DoE: 13 NGCP projects in Western Visayas got delayed

DoE: 13 NGCP projects in Western Visayas got delayed

AT LEAST 13 power transmission projects in the Western Visayas region in central Philippines have been delayed, the Department of Energy (DoE) said on Thursday, citing right-of-way and permit issues.

“If you have a strong backbone but your substations are not upgraded, then it will not be maximized,” Energy Undersecretary Sharon S. Garin told the House of Representatives energy committee.

She said the projects, which are being built by National Grid Corp. of the Philippines (NGCP), have been delayed by four or five times.

But in the DoE’s last meeting with NGCP officials and other agencies last month, there were no more permitting or right-of-way issues, Ms. Garin said. “It’s a matter of NGCP completing the construction.”

“If the grid continues to be weak and vulnerable, the blackout will happen as a matter of natural course,” Iloilo Governor Arthur R. Defensor, Jr. told the committee.

Iloilo has suffered economic losses worth P3.8 billion because of the blackout, he said on Wednesday.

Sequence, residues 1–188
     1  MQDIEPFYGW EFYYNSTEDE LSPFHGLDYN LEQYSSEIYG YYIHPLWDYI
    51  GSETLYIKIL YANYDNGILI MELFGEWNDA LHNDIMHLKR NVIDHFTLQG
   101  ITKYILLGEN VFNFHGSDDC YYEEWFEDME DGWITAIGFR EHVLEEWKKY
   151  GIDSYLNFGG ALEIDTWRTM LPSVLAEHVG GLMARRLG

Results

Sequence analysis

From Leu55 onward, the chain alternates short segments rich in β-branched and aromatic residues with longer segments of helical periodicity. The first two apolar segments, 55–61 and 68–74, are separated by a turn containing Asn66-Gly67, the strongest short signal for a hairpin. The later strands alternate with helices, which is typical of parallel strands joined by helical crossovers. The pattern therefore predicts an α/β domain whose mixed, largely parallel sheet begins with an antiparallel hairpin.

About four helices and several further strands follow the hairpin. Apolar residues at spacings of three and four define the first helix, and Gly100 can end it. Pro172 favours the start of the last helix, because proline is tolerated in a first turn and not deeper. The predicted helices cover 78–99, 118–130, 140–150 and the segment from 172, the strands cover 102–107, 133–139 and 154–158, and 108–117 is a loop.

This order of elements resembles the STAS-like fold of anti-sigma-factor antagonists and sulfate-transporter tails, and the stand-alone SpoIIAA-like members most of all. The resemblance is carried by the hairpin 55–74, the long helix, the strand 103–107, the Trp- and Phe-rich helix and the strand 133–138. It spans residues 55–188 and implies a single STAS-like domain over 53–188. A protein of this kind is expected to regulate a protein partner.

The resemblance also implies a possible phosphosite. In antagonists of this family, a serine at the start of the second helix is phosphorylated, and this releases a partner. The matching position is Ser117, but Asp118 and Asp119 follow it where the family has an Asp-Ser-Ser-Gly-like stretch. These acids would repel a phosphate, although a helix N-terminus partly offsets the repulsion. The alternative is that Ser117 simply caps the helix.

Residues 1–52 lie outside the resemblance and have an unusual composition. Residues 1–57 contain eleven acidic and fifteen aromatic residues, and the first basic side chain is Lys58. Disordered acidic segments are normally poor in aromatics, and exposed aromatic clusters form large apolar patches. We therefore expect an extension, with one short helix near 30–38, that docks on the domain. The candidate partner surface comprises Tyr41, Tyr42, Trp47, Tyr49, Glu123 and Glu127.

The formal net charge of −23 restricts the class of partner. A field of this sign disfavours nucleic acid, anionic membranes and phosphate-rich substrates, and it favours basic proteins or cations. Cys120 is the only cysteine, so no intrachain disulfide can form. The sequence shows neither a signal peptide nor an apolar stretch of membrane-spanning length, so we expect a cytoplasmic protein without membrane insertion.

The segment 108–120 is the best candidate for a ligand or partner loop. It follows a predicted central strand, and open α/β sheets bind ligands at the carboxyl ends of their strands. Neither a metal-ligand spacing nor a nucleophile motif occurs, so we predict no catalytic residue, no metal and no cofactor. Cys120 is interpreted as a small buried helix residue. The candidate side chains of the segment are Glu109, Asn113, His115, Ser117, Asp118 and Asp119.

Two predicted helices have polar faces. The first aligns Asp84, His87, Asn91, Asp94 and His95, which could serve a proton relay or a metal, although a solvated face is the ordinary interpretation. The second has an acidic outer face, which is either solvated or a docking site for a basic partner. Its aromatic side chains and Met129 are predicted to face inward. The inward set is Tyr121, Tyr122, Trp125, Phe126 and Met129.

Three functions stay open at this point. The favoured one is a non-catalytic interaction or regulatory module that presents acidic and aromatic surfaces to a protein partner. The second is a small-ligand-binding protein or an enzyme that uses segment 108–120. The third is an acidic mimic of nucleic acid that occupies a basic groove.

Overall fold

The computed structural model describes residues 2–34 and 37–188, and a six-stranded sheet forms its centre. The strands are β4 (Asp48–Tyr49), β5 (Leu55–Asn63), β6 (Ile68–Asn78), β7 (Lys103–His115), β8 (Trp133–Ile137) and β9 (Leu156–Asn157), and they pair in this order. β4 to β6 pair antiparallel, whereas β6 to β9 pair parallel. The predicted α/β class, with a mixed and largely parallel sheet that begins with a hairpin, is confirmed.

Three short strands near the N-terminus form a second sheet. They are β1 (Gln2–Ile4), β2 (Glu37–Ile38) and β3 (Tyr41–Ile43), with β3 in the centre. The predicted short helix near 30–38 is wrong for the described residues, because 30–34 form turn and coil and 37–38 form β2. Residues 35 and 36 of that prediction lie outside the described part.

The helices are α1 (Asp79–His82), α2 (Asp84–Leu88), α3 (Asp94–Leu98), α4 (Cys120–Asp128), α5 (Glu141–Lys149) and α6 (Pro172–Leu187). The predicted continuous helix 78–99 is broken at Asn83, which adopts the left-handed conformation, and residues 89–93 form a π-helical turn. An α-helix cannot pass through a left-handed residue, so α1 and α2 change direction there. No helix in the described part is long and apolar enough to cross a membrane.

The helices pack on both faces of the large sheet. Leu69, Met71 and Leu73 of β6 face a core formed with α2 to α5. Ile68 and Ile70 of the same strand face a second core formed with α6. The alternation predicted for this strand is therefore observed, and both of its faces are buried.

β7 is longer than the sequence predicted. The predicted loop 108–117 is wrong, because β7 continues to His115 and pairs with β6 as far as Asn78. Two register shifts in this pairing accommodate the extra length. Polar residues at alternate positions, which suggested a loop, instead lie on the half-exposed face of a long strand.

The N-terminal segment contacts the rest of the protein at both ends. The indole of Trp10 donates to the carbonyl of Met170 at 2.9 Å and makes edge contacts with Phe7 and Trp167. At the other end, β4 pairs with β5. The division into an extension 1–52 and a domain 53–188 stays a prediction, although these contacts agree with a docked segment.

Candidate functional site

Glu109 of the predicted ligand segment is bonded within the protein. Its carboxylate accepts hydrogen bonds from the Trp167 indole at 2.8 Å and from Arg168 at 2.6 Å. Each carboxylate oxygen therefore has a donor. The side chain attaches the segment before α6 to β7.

Clark N. Agustin, NGCP officer-in-charge, told congressmen the bus voltage values on Panay Island were “within the normal range” between 2 and 2:19 p.m. on Jan. 2, when the power failures happened.

By 2:19 pm, several plants supplying power to the island suffered an “unplanned shutdown,” with 292 megawatts (MW) of the plants tripping, he said. This left Panay with no power generation so plants in Luzon had to supply electricity to the Visayas, he added.

The Institute for Climate and Sustainable Studies said NGCP could have limited the demand to prevent an island-wide blackout.

“Had NGCP implemented manual load dropping in the two-hour window, to which the red alert status should have been declared on the whole island, rotating power outages could have significantly reduced the load demand requirements in Panay,” it said in a statement.

It added that the island should have a distributed power generation instead of “few centralized coal-fired power plants.”

“Through distributed generation, power generation becomes more resilient, less susceptible to single-point failures and adaptable to variable demand conditions,” it said. — Beatriz Marie D. Cruz